We recognise the need to ensure that access to magistrates courts is not closed off for financial reasons, and the draft order therefore makes it clear that no fees are chargeable from any person who is a legally assisted person within the meaning of section 2(11) of the Legal Aid Act 1988 or is in receipt of income support or family credit. Nor do the new fees affect the discretion of magistrates courts to remit fees conferred by section 138 of the Magistrates Courts Act 1980 where they judge this to be appropriate. We have also taken the opportunity to simplify the current schedule of fees and to abolish those which are no longer in general use.

ENVIRONMENT

Armstrong Bridge, Newcastle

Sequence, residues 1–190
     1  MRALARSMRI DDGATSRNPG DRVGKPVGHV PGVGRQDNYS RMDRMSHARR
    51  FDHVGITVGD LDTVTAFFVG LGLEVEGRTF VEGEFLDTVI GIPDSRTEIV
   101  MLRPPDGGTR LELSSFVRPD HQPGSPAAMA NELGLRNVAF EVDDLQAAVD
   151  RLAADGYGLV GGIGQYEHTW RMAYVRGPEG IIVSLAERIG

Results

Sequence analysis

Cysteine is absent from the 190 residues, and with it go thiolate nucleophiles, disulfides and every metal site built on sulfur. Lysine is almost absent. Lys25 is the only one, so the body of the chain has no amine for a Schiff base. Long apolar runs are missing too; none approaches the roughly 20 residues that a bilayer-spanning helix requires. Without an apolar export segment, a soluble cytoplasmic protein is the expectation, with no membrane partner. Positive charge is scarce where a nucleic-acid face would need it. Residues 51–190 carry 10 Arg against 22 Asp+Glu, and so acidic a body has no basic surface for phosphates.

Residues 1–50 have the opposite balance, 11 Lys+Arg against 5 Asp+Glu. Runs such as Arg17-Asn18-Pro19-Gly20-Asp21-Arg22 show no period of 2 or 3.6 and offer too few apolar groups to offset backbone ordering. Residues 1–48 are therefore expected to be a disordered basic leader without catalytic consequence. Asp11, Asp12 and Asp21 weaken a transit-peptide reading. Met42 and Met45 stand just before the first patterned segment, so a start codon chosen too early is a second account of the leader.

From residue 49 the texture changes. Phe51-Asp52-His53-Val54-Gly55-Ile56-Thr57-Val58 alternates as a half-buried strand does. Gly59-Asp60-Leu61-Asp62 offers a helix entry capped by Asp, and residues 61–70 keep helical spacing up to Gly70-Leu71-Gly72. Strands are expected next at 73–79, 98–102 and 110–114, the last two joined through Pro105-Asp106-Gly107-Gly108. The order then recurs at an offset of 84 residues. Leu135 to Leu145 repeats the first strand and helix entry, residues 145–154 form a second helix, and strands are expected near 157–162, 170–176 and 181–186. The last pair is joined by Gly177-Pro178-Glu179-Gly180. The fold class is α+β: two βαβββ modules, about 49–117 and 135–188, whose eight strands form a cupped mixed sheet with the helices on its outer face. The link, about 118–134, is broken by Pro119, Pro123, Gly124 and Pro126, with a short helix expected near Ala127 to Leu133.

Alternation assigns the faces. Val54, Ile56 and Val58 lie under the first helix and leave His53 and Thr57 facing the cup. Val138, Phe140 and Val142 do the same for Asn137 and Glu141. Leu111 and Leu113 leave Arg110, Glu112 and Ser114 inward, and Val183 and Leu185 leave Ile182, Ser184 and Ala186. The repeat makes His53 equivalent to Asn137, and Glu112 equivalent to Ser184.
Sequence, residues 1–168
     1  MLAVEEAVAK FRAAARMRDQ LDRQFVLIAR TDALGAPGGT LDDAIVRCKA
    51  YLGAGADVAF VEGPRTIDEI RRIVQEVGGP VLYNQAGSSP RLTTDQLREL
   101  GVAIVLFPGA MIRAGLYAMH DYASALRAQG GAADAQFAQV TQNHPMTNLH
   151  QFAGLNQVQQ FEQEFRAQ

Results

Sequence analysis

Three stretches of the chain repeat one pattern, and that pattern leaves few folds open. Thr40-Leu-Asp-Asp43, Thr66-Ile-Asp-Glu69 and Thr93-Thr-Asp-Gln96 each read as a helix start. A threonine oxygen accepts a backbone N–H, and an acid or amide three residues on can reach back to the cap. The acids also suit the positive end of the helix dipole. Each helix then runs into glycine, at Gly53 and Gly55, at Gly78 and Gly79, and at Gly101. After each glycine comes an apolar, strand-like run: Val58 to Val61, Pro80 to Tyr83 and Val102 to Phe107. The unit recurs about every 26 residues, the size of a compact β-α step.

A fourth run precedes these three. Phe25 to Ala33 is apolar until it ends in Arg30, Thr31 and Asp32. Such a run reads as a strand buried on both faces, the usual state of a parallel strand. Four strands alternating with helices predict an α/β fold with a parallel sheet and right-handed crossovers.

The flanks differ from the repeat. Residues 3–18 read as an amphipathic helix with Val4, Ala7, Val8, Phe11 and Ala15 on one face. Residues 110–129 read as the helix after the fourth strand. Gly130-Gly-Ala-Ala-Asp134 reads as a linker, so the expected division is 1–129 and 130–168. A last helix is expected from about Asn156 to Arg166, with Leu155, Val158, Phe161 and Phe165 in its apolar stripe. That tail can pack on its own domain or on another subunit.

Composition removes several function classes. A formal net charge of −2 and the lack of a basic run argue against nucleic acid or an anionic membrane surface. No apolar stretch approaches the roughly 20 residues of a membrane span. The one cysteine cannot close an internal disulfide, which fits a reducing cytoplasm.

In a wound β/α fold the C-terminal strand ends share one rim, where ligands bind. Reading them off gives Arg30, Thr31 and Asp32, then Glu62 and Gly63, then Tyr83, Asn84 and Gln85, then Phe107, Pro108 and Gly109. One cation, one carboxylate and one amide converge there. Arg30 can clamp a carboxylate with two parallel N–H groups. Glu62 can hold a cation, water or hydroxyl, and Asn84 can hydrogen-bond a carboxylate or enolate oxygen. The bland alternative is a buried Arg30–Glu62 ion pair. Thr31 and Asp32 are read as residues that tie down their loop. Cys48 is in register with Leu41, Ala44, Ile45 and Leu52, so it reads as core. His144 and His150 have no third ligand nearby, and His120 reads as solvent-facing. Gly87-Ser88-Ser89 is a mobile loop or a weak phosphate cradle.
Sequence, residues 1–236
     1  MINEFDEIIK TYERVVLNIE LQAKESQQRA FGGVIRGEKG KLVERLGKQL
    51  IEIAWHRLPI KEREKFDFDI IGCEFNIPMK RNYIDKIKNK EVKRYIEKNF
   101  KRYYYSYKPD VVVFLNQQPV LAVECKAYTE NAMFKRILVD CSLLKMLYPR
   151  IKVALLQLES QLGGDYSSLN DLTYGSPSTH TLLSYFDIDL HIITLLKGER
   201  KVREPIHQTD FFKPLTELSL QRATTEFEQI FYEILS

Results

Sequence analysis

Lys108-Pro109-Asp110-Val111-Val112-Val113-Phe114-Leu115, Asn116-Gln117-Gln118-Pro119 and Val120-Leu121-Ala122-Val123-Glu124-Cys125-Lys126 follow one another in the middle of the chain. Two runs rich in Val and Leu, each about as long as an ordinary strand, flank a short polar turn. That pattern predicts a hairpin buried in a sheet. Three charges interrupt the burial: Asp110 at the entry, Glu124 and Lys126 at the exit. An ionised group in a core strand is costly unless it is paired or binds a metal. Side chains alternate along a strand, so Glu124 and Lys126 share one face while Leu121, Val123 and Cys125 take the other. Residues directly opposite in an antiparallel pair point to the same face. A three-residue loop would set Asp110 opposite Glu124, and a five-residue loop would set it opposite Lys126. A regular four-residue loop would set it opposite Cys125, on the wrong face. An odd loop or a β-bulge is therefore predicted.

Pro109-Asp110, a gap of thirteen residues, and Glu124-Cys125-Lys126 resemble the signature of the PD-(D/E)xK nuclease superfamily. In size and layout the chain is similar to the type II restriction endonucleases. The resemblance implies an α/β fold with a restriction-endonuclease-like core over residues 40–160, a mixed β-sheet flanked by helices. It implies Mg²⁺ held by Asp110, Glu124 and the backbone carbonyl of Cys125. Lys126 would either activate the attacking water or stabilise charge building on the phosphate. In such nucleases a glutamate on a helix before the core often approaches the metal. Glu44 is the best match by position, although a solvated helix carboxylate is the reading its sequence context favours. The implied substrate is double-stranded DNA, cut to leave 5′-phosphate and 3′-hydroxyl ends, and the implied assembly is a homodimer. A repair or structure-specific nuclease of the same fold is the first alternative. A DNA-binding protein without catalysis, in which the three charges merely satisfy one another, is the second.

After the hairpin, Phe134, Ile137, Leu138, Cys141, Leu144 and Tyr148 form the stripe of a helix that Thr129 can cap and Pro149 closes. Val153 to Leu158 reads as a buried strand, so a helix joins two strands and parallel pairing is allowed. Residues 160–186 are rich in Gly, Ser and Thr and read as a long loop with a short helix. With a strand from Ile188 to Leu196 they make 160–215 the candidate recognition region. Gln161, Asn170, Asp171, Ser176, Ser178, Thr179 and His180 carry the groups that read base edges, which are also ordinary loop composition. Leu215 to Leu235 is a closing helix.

Mr. Cousins : To ask the Secretary of State for the Environment what considerations he has given to the representations of Jesmond Residents Association, Newcastle upon Tyne, about the public safety considerations of a further postponement in the restoration of the listed structure known as the Armstrong bridge.

Mr. Yeo : The Department's northern regional office has asked Newcastle city council, which owns the Armstrong bridge, for information about its current state of repair and its plans for carrying out work to it. Once the council's response has been received, consideration will be given as to whether intervention by the Secretary of State is necessary.


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Housing Stock

Mrs. Dunwoody : To ask the Secretary of State for the Environment if he will list the councils which transferred their housing stock to new housing associations in 1989-90 and 1990-91.

Mr. Yeo : In 1989-90, Newbury borough council and Swale borough council transferred their housing to new housing associations. In 1990-91, 11 councils completed transfers. These were